Erie Railroad and is 9" in length and 1 1/16" in diameter.
Photo by Gary Moser. Click on the image for a larger
Northern Calendars by Winold Reiss. Among the
more remarkable collaborations between an artist and a
railroad was the collaboration between Winold Reiss and
the Great Northern Railway. Between 1933 and 1958, the
GN issued annual calendars featuring Reiss' vivid and colorful
portraits of Native Americans from the Blackfeet tribe
in Montana. Reiss' portraits avoided the prejudices of
the era and portrayed tribal members with dignity and grace.
Shown at right is the 1937 calendar, titled "Sun Dance".
Photo by permission. Click on the image for a larger version.
Ry Switch Key . There are a number of qualities
that make a railroad switch key particularly collectable.
These qualities include (1) a nice, smooth patina -- what
collectors call "pocket-wear", (2) an even, strong
marking, preferably with fancy letters, and (3) a provenance
from an historical or out-of-the-ordinary railroad. The
key at right fits the bill. It is from the Butte, Anaconda
& Pacific Railway, an ore-hauling, electrified line that
operated between Butte and Anaconda, Montana. Note the large,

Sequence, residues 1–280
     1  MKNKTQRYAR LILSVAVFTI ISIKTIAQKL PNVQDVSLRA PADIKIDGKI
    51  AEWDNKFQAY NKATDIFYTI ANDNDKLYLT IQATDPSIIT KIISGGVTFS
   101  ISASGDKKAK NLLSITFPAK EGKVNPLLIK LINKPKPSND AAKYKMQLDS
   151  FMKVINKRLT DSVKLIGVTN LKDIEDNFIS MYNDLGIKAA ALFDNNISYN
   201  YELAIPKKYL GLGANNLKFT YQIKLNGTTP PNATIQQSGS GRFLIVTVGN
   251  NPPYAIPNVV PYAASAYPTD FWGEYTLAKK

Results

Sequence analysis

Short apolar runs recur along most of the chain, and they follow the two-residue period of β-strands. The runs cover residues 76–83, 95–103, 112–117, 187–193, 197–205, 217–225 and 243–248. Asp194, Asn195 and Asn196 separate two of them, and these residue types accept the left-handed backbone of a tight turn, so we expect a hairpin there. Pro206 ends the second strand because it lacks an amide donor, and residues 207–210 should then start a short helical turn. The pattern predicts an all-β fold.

serif letters. Photo by permission. Click on the image for a
Valley Locomotive Logo. One way that railroads
mark locomotives and rolling stock is to attach metal plates
painted with the company logo. Upon scrapping or repainting,
these have sometimes been removed and obtained by collectors.
Shown at right is an original 12 gauge, sheet metal Lehigh
Valley Railroad flag. These were formerly mounted on either
side of the short hood of the road's Alco C420's during
their original yellow and gray paint schemes. Most were
removed in the early 70's when the locomotives were repainted
in the newer red and white paint scheme, and very few have
survived. Photo by Greg Deibler. Click on the image for
a larger version.
Commuter Ticket. Occasionally an everyday paper
item of long ago can be a particularly interesting artifact
today. The commuter ticket show at right is one example.
It dates from 1905 and is from the Philadelphia, Baltimore & Washington
Railroad, a line that eventually became part of the Pennsylvania
Railroad. The ticket is unusual in having a photograph
of the user -- it was no good without the photograph. Also
the ticket shows quite a large number of different conductors'
punches. Each conductor had his own punch pattern. Photo
by Bob Niblick. Click on the image for a larger version.
Central Sealer. Sealers were used to imprint information
in sealing wax which secured envelopes for official correspondence.
This information typically included the company name and